Wireless service provider Nextel Communications plans to work with IBM to develop e-business applications for mobile devices, and will also outsource its customer care center operation to an IBM subcontractor in a US$1.2 billion outsourcing deal, the companies announced in a joint statement Friday.
IBM has reseller relationships with other carriers, but this is the first deal in which IBM will be jointly developing new wireless e-business applications with a wireless carrier, said Dean Douglas, IBM's general manager for wireless e-business global services.
The object of the alliance is to find new ways to push data out to workers in the field, and to draw information from those workers without having to drag them back to a desktop computer.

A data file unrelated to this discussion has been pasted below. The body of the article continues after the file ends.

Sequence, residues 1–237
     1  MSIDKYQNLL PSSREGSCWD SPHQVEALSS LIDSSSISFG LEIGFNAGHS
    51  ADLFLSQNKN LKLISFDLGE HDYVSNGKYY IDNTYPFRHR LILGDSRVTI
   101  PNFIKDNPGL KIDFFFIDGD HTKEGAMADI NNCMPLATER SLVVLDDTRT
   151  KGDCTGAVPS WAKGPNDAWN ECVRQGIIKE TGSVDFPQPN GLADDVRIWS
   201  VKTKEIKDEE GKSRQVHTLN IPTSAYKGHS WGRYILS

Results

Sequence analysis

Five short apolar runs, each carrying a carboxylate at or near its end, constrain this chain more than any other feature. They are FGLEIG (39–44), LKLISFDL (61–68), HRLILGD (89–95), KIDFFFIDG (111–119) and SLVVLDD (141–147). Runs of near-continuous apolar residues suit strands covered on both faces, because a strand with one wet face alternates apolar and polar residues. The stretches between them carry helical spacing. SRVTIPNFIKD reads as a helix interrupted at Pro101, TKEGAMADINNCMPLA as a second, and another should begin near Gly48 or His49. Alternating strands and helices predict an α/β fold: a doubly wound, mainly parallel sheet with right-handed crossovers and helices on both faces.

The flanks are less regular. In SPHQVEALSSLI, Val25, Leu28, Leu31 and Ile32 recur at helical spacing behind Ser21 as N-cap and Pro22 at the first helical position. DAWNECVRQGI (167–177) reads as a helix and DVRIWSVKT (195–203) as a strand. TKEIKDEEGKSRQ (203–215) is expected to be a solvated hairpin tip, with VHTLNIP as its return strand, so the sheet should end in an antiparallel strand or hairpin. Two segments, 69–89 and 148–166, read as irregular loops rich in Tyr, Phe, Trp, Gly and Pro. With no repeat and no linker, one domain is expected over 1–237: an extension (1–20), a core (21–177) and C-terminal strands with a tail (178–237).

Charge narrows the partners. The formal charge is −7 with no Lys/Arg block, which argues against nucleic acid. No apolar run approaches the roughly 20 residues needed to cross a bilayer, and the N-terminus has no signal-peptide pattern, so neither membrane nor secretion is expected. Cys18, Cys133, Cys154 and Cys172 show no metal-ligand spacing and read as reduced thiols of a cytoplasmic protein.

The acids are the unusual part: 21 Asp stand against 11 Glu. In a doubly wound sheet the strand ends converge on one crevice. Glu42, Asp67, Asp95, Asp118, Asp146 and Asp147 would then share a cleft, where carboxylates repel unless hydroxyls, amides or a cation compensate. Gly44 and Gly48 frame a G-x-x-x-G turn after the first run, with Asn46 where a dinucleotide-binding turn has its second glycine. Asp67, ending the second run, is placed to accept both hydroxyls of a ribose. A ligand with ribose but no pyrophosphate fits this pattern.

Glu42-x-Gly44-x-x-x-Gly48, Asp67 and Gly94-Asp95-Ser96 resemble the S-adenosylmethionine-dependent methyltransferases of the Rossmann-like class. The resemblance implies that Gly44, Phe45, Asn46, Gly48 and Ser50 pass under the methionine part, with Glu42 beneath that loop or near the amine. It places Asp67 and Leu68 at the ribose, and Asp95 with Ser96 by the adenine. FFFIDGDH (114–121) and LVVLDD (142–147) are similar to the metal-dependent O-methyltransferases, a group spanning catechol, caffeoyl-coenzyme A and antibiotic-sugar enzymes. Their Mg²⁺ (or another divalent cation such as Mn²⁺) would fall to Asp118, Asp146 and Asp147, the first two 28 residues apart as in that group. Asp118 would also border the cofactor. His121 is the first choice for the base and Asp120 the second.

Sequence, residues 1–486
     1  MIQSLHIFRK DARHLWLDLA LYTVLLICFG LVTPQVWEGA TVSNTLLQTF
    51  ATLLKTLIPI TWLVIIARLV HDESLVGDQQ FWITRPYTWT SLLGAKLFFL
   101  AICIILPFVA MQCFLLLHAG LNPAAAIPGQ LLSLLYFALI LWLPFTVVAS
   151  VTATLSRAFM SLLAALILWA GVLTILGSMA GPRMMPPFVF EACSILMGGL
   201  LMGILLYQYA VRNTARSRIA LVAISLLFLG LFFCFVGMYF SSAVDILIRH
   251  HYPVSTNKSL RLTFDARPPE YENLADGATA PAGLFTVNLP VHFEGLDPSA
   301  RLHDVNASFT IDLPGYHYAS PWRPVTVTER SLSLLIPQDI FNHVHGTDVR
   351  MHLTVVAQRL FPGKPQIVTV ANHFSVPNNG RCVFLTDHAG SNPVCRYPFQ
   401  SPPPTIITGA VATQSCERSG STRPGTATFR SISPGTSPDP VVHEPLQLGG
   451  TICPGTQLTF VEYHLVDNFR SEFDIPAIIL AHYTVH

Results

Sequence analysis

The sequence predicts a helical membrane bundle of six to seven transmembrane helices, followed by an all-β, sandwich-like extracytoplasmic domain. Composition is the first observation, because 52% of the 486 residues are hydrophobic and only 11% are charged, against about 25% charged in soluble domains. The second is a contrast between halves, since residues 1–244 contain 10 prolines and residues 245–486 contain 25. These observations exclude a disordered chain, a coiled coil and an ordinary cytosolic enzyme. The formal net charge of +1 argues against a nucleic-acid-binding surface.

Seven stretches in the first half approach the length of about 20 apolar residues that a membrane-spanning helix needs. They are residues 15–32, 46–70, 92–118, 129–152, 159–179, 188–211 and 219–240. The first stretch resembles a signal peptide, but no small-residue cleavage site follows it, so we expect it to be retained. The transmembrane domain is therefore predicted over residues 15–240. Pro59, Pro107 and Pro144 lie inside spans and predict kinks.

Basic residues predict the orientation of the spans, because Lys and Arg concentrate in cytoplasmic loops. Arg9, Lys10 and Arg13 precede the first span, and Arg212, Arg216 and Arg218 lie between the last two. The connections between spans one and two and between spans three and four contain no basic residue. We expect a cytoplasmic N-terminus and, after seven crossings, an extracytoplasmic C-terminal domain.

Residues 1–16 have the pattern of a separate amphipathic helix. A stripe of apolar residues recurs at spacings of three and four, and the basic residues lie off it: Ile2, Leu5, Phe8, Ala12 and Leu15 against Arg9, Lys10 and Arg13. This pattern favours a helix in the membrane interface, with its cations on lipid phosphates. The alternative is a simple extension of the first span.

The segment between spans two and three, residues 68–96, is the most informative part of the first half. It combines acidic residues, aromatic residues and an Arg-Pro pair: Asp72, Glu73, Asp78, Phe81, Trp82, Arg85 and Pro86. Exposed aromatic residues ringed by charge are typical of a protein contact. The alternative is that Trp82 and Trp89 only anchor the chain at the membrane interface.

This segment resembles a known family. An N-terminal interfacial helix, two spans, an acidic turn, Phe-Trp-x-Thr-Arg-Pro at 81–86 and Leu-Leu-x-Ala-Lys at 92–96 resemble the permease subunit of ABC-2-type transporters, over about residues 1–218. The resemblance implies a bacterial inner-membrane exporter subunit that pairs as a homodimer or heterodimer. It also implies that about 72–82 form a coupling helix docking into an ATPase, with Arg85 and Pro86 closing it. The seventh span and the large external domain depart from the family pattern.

In a previous wireless project, IBM created a system for building inspectors to file reports from the inspection site using wireless devices, cutting the time to process a report from three days to 10 minutes, Douglas said. IBM also built a system to give public safety agents like police officers and paramedics access to municipal databases from mobile devices.
The trick is to find applications that customers want, and not merely to develop technology with interesting possibilities, Douglas said. IBM aims for more commercial applications with the Nextel alliance, targeting markets like financial services. "We hope the partnership will produce vertical applications to address specific end-user communities and their needs," Douglas said.
IBM also earned an eight-year, $1.2 billion outsourcing deal from Nextel with the alliance. IBM, through its subcontractor TeleTech Holdings Inc., will manage Nextel's six customer relationship centers, employing about 4,500 customer care workers. The call center personnel will move from Nextel to TeleTech during the first quarter of 2002.